Stormwater Queensland believes that the current Queensland regulatory framework for rainwater tanks wastes an opportunity to maximise the use of stormwater that would simultaneously decrease the demand for expensive new water infrastructure and improve water security.

Currently, rainwater tanks (or other supplementary water supply systems, such as greywater treatment plants) are not mandatory for new dwellings/commercial buildings unless a local government has been approved to ‘opt-in’ to Queensland Development Codes (QDC) provisions 4.2 and 4.3. The opt-in process is sufficiently complex to discourage local governments from taking this pathway.

Consequently, communities across Queensland currently experience the following effects:

  • Ongoing damage to our waterways (creeks, rivers, bays and the reef). Rainwater tanks can reduce both water quality and hydrological impacts of urbanisation on receiving waterways;
  • No reduction in nuisance flooding. Rainwater tanks can aid flood mitigation thereby protecting local homes, business, services and infrastructure;
  • Higher demand on reticulated water supply and associated existing infrastructure. Rainwater tanks provide an alternative water source;
  • Higher demand for new water supply infrastructure. Rainwater tanks can both offset the demand for new infrastructure and reduce the scale/costs of future infrastructure;
  • Limited water security options for individual households. Rainwater tanks increase resilience to climatic pressures including drought.

Changing the Queensland Development Code has the potential to minimise the negative effects and missed opportunities outlined above.

Currently, there are two options which exist for the current regulatory framework as outlined below.

Option 1

Reinstate a performance outcome in the Queensland Development Code mandating supplementary water sources (e.g. rainwater tanks) be required on all new developments with class 1 or commercial buildings, with mandatory plumbing for both internal and external uses. This option is recommended by Stormwater Queensland for the following reasons:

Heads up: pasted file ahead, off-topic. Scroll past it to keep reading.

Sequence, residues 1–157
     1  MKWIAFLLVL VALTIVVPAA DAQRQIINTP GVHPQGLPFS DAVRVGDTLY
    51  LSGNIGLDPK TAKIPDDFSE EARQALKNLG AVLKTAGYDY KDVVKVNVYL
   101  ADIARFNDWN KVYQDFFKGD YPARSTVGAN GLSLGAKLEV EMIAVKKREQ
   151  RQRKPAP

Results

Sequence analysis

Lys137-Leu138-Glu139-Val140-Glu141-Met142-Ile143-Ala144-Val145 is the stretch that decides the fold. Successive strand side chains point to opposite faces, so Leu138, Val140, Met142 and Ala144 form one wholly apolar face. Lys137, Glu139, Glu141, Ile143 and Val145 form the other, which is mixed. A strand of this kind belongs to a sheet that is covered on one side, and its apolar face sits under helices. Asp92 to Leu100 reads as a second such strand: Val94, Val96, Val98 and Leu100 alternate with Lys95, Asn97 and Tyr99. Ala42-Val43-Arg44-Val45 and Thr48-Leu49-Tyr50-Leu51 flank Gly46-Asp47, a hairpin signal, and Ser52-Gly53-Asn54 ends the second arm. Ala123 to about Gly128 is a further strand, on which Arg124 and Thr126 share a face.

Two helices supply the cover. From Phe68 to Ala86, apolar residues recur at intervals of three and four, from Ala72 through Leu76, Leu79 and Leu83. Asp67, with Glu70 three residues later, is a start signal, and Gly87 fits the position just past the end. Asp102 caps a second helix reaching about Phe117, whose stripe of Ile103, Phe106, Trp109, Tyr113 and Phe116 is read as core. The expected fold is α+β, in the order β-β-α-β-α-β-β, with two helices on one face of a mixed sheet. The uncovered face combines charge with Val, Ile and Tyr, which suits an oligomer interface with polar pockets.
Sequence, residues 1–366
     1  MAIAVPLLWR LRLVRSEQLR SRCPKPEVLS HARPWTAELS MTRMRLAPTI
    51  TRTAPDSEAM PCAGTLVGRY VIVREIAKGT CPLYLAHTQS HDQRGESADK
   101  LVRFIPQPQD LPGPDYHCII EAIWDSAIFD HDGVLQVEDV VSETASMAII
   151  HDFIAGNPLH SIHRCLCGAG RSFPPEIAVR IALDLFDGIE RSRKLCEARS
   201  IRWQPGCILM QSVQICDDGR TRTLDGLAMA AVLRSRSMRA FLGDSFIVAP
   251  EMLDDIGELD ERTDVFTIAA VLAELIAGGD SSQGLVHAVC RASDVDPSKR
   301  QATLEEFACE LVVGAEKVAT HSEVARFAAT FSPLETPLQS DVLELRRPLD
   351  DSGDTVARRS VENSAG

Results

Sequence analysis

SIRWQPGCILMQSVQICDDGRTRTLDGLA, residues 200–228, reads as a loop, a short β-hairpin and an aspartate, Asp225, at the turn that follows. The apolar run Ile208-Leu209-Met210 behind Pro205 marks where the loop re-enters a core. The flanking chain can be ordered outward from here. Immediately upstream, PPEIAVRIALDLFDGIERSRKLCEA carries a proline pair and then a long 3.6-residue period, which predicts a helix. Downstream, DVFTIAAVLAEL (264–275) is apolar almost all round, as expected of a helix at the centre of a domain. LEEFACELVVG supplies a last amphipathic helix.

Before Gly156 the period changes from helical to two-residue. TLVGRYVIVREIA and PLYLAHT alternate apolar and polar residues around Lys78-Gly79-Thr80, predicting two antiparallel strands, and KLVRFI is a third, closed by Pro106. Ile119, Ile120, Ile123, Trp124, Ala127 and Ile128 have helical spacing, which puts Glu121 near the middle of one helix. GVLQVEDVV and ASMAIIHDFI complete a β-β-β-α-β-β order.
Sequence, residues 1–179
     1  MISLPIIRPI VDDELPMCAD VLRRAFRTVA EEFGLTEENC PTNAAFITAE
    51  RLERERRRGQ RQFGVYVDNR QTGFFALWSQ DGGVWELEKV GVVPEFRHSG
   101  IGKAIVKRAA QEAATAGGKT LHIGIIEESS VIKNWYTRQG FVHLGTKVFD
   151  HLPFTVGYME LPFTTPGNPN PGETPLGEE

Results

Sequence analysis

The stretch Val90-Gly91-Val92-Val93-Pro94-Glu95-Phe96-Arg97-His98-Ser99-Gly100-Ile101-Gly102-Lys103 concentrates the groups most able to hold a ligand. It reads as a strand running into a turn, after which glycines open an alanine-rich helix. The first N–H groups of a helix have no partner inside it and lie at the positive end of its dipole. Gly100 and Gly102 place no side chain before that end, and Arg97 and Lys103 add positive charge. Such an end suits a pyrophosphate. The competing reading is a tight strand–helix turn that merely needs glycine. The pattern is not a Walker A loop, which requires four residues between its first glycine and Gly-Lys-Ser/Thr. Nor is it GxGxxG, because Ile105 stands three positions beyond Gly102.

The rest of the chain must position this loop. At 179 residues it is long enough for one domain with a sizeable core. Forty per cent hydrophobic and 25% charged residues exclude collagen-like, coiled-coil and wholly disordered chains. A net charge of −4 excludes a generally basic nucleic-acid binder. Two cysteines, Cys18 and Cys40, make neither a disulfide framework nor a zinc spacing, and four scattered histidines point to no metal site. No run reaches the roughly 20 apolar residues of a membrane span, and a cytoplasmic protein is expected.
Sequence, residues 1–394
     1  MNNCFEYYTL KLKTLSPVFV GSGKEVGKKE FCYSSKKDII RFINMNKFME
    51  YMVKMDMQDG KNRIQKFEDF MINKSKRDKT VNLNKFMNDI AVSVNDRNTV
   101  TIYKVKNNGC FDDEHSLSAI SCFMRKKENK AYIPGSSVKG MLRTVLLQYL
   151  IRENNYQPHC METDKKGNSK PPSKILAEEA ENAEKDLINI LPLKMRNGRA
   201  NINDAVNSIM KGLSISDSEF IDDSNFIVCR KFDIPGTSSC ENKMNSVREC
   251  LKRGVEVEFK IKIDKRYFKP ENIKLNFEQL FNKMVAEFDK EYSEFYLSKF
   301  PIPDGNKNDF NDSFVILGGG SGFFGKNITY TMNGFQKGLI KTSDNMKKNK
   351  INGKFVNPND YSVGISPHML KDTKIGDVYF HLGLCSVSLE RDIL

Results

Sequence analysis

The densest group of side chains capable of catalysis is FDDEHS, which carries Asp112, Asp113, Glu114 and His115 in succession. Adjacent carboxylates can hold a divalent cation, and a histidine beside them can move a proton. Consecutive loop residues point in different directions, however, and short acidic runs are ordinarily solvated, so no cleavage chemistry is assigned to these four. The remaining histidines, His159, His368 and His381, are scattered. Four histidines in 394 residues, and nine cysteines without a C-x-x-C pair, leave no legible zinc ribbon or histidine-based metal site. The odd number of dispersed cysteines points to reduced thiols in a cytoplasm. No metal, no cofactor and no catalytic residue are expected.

• It provides a balance between the benefits of installing rainwater tanks and the direct building costs;
  • The changes to policy are simple and easy to implement (effectively this would require simply reverting to the pre-2013 wording of the QDC);
  • It helps to address all the matters discussed above including reducing impacts on waterways, reduced nuisance flooding, reduced demand on potable water infrastructure and improved water security.

Option 2

The ‘do nothing’ approach i.e. maintaining the status quo (no change to policy) Stormwater Queensland believes that is not an acceptable option, for the following reasons:

  • This option will result in the continuation of the current problems and missed opportunities outlined above.
  • The cost benefit analysis which was used as the basis for removing mandatory rainwater tanks from the QDC in 2012/2013 was later found to be based on several flawed assumptions which compromised the conclusions of that analysis.
  • Significantly more research into rainwater tanks has been undertaken since the aforementioned cost benefit analysis was published. This research further provides a much greater body of evidence which Stormwater Queensland believes justifies the adoption of rainwater tanks, demonstrating that rainwater tanks are both cost-effective and safe.

To change the current regulatory provisions and capitalise on the benefits of rainwater tanks, the State is encouraged to undertake the following action by Stormwater Queensland:

  • Undertake a review of more current research into rainwater tanks particularly with respect to the costs and benefits.
  • Use the outcomes of the analysis as justification for reinstating the pre-2013 wording of the Queensland Development Code mandating supplementary water sources (e.g. rainwater tanks) be required on all new developments with class 1 or commercial buildings, with mandatory plumbing for internal and external uses.

The proposed changes to the regulatory framework are simple and inexpensive to change.

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